Say that George and Cindy are dating. Further, Melody is dating George.
Some poly people would suggest that Cindy has no bearing on George and Melody's relationship, and that any actions taken by George and Melody should have no impact on Cindy. If Cindy, for example, was to have a problem with something George and Melody were doing, this is obviously a problem between Cindy's ears; George and Melody have no obligation or responsibility to coddle Cindy. Cindy is disassociated with the George/Melody connection.
Frankly, kids, this is a most wacky, ridiculous idea that one connection does not influence the other and that connections exist in isolation. It is the simple idea of "connectedness" that gives poly its core tenant: multiple, loving relationships. If you're invalidating another human being's existence because it's inconvenient, that's simply selfish and small-minded. It refutes the principle idea of poly of there being a community of lovers and friends. Connections do not live in a vacuum nor in isolation - they exist in a larger context of a community.
If you want monogamy, go get monogamy. If you want multiple, loving relationships that co-exist at the same time, that's call polyamory. Like, duh?
What you say and do in the context of another connection does and will impact other connections around you - even metamours of metamours - simply because we are a community. Feelings aren't rationally segregated cleanly between partners; saying so seems profoundly ignorant of the human condition if not cruel. Cindy, in this instance, is not to be dismissed or invalidated as a human being simply because you're spending time with Melody. I mean - fuck people - this person, Cindy, apparently means something to George. George can't take Cindy's objections, feedback, feelings, or observations and neatly put them into a trashcan by suggesting that, hey, I'm not responsible for those. That's Cindy's trash. And while I'm here with Melody I can shove it all under a rug and let Cindy deal with it later.
At best, that's denial; at worst, it's dismissive and inconsiderate. If one partner makes a humble suggestion that one restaurant has a special place in her heart between a couple and asks not to take another one of his connections there, that is just an honest plea for maintaining something sacred and special in that connection. It's not weakness. It's not a flaw. It's not a problem that exists solely in the mind of the requester. It's an honest appeal to maintain a unique characteristic about their relationship. That's not bad or wrong - that's something to treasure! Somebody in your life thinks that moment, with you, was so important that it's to be sacred.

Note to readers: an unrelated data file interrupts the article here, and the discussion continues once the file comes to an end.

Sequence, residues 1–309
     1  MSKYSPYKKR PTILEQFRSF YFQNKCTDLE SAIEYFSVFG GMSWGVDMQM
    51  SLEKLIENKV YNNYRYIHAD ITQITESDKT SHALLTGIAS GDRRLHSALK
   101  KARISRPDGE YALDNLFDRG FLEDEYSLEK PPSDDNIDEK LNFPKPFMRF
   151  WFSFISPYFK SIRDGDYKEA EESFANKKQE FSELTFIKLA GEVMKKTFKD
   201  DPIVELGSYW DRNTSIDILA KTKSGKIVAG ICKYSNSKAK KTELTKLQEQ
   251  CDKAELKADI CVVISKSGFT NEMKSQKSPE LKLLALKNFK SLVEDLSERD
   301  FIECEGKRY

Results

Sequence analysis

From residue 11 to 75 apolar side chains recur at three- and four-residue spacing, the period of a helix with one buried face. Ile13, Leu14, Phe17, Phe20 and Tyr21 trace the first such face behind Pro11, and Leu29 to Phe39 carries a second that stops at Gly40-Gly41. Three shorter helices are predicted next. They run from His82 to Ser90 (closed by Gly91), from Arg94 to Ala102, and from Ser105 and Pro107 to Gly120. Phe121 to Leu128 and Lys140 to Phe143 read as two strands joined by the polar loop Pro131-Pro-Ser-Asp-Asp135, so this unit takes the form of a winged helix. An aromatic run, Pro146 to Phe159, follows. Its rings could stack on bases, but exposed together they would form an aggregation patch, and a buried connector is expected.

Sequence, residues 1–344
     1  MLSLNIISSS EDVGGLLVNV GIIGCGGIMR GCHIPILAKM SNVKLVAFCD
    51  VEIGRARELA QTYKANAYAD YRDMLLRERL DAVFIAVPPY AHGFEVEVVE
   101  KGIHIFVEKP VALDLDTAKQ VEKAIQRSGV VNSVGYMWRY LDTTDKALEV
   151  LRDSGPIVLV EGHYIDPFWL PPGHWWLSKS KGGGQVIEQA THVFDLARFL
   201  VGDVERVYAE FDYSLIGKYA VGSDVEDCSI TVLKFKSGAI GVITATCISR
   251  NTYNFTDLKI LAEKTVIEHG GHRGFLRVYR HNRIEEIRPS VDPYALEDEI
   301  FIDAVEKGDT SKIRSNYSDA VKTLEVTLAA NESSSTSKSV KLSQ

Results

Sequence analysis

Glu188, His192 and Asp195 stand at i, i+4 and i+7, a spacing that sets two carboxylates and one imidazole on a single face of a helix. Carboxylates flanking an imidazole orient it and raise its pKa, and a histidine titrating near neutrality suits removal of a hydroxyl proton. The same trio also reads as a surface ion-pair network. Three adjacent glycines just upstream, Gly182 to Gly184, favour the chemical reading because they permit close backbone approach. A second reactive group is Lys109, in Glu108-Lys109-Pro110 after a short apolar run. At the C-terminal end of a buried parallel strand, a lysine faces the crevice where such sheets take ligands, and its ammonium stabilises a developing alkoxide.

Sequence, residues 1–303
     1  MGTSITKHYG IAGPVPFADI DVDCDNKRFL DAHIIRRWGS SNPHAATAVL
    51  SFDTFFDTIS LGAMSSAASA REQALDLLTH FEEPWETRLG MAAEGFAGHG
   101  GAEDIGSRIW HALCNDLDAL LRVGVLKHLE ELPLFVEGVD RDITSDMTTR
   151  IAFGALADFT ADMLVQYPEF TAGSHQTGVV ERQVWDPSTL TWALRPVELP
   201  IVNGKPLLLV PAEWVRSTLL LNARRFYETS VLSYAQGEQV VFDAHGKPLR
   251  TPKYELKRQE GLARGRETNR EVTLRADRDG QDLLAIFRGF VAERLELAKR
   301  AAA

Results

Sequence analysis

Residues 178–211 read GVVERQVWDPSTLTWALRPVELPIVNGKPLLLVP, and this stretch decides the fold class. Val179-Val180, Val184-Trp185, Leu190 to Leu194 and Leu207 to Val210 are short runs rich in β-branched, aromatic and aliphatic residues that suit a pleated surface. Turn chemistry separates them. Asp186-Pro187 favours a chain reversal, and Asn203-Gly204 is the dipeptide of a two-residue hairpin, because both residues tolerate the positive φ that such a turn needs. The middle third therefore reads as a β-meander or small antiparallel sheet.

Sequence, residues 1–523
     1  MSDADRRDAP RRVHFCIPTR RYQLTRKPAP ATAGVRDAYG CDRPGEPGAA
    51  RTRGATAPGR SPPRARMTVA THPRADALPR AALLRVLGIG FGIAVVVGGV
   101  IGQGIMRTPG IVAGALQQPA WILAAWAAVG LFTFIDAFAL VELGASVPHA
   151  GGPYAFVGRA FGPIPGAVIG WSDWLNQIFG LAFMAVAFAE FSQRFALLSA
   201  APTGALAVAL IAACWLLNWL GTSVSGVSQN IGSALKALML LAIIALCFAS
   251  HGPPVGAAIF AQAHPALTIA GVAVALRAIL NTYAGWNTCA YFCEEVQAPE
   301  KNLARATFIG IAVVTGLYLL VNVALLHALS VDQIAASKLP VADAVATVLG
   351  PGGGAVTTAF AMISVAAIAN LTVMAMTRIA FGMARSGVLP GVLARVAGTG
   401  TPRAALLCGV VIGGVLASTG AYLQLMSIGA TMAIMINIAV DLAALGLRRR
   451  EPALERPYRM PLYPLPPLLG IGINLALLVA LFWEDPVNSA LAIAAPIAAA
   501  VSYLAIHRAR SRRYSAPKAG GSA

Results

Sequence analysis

You are appreciated! That moment is appreciated! It's a really simple request from somebody that you care about.
"Nah, that's her god-damn hang up and _imposing_ her views on my freedom, man." SNNNNIIIFFFFF "Woh, let me take another bong hit and try to reconcile that, dude. What I mean, like, to say, dude, is that I can do whatever I want, when I want, because I, like, am so _me_... man."
How completely liberating it must be to those who ignore the thoughts, feelings, and concerns of others who love him when it benefits him. How convenient it is to forget what others have asked for or suggested. How pleasant it is not having to remind himself that there is pain in his circle of friends as a result of his own actions, and how righteous it must be to remind himself that those aren't his problems and require no concern.
Shameful! Poly people who espouse that connections are insular, separate, and independent, seem - to me - to have lost their way. They have forgotten about the importance that community plays, that respect and love plays, in their holistic approach to relationships. Indeed, how nice it must be for them that the label polyamory has so conveniently become a license to selfishly get what you want and bears no consequence for the direct outcomes of their own greed.